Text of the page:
Peers can also influence the way we treat other people. To put this into context, if one person of a friend group, usually the “alpha” of the group puts someone on a pedestal, more often than not the others soon follow. However if we flip things around, a person can be ridiculed by big groups of people just because one person has a hatred towards them. Those who are targeted are often labelled as “weird” or “different” because they do not fit into societal norms. Consequently, many young pupils are afraid to express themselves in fear of being scrutinised by their peers.

Influence of the Media

Source: We The Pvblic

The High School Musical trilogy was one of my favourite movies growing up. The singing, the dancing, the romance. I loved it. My younger self failed to unearth the deeper plot, but rewatching it years later made me realise that the plot is sort of ridiculous. A high school jock and an academic driven student auditioning for a musical should not have caused that much stir among the school. There is literally a song called “Stick to the status quo”. To be fair, everyone in the school learns to accept both of the characters’ interests in singing at the end of the movie — but did everyone have to act so dramatically about it? It isn’t really odd that someone could have multiple interests.

Not to mention the trilogy’s “bad guy” Sharpay who is portrayed as a hyper feminine character whose achievements were downplayed just so the two main characters’ plot could go on. Another example of feminine female characters who were sidelined and ignored was Jessica from the Twilight saga, as compared to Bella Swan, who rejects femininity and is seen as cool and quirky and gets all the male attention.

There’s nothing wrong with not wanting to be girly or unfeminine but it becomes a problem when countless entertainment media outlets portray girly girls as ditzy or an airhead, when in reality, people do not need to fit into a specific look in order to be smart. Being smart and liking makeup is not mutually exclusive. People can enjoy multiple aspects of their lives and it should not be seen as out of place.

Source: Elle

We see so many trends popping up from these various social media platforms. For example, the “bruh girl vs soft girl” trend. It started off as a harmless and fun trend where people compare the different personalities and hobbies of these girls where “soft girls” are usually more feminine while the “bruh girls” are usually low maintenance and do not care for traditional girly things. However, people on social media, especially Tiktok, started to put these women against each other by portraying the “bruh” girl as the “better” one as she is usually quirky, “not like other girls” or “one of the boys”. This trend perpetuates the idea of females as one dimensional human beings who cannot have multiple hobbies and interests. The “soft” girl is then criticised for being too girly and superficial because they like fashion or makeup.

Internalised misogyny to blame for this. Many women growing up especially in the early 2000s were told to reject femininity as it is presented as weak and inferior. Due to this, many of them tended to pick up traditionally masculine hobbies to make themselves superior to others and appeal to the male population. Women pit against each other just so they could receive validation from their male peers. “Soft girls” and “bruh girls” are not enemies. Just because people have different interests does not mean one is superior to the other. Human beings are not one dimensional, different hobbies and traits are not exclusive to one gender or identity. Social media trends which make teenagers compete against one another are in this way harmful and toxic.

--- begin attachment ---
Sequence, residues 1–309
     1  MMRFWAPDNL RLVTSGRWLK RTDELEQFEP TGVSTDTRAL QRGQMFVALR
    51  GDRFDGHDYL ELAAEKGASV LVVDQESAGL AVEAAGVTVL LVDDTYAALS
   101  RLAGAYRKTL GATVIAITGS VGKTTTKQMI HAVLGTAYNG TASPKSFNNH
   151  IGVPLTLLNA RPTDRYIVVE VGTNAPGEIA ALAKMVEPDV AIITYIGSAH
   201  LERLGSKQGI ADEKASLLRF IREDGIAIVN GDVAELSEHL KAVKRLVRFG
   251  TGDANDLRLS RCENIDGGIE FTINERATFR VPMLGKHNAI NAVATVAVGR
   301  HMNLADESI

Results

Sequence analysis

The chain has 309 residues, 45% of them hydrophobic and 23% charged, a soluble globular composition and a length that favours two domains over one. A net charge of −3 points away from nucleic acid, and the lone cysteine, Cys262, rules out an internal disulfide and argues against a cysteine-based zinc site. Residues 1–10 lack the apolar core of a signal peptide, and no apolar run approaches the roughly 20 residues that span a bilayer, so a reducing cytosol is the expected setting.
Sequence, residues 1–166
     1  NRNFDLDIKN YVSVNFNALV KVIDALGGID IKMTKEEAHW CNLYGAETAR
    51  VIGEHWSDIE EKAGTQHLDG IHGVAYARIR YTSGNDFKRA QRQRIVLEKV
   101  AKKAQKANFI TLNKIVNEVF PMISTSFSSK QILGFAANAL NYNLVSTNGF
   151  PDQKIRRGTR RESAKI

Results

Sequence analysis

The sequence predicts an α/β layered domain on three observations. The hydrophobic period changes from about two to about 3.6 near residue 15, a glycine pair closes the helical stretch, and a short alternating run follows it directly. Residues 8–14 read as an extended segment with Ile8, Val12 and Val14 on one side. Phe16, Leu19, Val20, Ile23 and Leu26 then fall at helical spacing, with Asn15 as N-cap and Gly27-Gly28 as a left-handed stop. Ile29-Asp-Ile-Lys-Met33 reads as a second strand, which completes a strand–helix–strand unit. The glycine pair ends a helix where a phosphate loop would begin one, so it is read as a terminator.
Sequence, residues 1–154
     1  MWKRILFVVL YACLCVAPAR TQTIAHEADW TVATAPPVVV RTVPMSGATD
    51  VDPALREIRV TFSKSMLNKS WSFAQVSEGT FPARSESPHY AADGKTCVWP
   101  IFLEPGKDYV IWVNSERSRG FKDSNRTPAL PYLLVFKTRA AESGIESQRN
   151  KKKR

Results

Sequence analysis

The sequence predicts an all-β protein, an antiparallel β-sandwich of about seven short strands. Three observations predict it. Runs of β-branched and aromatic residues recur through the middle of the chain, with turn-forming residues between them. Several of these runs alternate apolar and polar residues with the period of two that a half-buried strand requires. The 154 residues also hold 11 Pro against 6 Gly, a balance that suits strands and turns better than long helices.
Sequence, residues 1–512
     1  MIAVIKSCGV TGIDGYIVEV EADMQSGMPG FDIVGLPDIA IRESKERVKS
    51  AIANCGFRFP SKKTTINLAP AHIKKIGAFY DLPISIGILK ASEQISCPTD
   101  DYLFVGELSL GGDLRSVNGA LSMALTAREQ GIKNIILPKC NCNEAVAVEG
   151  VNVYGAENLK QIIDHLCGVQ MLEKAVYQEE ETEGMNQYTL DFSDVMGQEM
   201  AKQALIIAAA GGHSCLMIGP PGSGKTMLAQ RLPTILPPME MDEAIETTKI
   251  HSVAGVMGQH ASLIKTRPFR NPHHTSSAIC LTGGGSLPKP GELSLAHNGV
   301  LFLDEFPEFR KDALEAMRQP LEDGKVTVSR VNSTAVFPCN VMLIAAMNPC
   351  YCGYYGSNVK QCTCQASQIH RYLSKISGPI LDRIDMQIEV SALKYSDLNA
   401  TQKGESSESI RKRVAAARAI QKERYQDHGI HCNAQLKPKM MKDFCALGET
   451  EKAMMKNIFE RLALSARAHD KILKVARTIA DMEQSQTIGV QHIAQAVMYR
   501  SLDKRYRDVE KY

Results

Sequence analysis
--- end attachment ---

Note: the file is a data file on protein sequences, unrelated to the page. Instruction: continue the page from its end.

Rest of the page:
What does this say about our judgemental society?

Source: Pacific Standard

It is human nature to judge. Sometimes it can be unintentional or people just want to judge for no reason. Teenage girls are especially targeted, whether it is their appearance or their interests. It does not matter what kind of things they have a liking for one way or another someone would invalidate their interests. If she likes sports or gaming she would be seen as fake, whereas if she likes traditionally feminine activities they are downplayed and are not seen as actual hobbies or interest. Fangirls are seen as maniacs and crazy, while sports fans are just passionate about their interests. Why is it that whenever young girls take interest in something oftentimes they are seen as silly and “not actual hobbies”? The Beatles, whose initial fanbase were adolescent girls were heavily judged; now they are considered one of the most iconic bands now because men started to like them.

Judging people based on the fact they find something entertaining and interesting while you don’t is one of the most pretentious things someone can do. Not everyone has the same interests or likings; as long as they are not harming anyone, it really is not a big deal. Just because other people do not reflect the same ideas of fun, it does not mean their interests would be watered down. Let people enjoy things, for everyone is unique in their own way.

Hopefully the future may diverge itself from these stereotypes and labels that have been around for centuries. It is time that they must be abolished. With the youths becoming more socially aware as each generation passes, it is not impossible for us to achieve these goals. Humans are limitless and labels restrict us from being who we truly are. It is okay to have multiple interests, for it’s what makes us unique.

[Written by: Chow Anne Rose. Edited by: Teoh Jin.]

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TLMUN Herald

TLMUN Herald

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A not-for-profit publication under the Taylor’s Lakeside Model United Nations Club which focuses on amplifying the voices of the youth of today.